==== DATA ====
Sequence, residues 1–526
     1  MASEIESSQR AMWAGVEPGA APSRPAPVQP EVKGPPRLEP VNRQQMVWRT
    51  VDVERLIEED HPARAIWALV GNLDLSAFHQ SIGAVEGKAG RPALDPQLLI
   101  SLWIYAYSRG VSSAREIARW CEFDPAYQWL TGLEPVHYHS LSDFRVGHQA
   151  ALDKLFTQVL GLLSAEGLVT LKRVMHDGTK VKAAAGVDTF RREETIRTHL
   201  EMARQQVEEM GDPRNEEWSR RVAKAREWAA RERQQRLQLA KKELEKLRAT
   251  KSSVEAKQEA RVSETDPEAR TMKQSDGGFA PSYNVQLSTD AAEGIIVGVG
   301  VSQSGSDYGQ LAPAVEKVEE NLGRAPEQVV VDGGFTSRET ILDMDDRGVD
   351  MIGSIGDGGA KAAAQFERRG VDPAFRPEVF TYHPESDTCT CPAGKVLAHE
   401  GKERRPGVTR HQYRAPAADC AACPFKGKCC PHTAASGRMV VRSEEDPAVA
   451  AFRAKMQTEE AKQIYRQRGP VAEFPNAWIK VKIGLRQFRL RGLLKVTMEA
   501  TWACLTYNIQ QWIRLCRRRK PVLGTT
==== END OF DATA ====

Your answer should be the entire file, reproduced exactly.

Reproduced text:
Sequence, residues 1–526
     1  MASEIESSQR AMWAGVEPGA APSRPAPVQP EVKGPPRLEP VNRQQMVWRT
    51  VDVERLIEED HPARAIWALV GNLDLSAFHQ SIGAVEGKAG RPALDPQLLI
   101  SLWIYAYSRG VSSAREIARW CEFDPAYQWL TGLEPVHYHS LSDFRVGHQA
   151  ALDKLFTQVL GLLSAEGLVT LKRVMHDGTK VKAAAGVDTF RREETIRTHL
   201  EMARQQVEEM GDPRNEEWSR RVAKAREWAA RERQQRLQLA KKELEKLRAT
   251  KSSVEAKQEA RVSETDPEAR TMKQSDGGFA PSYNVQLSTD AAEGIIVGVG
   301  VSQSGSDYGQ LAPAVEKVEE NLGRAPEQVV VDGGFTSRET ILDMDDRGVD
   351  MIGSIGDGGA KAAAQFERRG VDPAFRPEVF TYHPESDTCT CPAGKVLAHE
   401  GKERRPGVTR HQYRAPAADC AACPFKGKCC PHTAASGRMV VRSEEDPAVA
   451  AFRAKMQTEE AKQIYRQRGP VAEFPNAWIK VKIGLRQFRL RGLLKVTMEA
   501  TWACLTYNIQ QWIRLCRRRK PVLGTT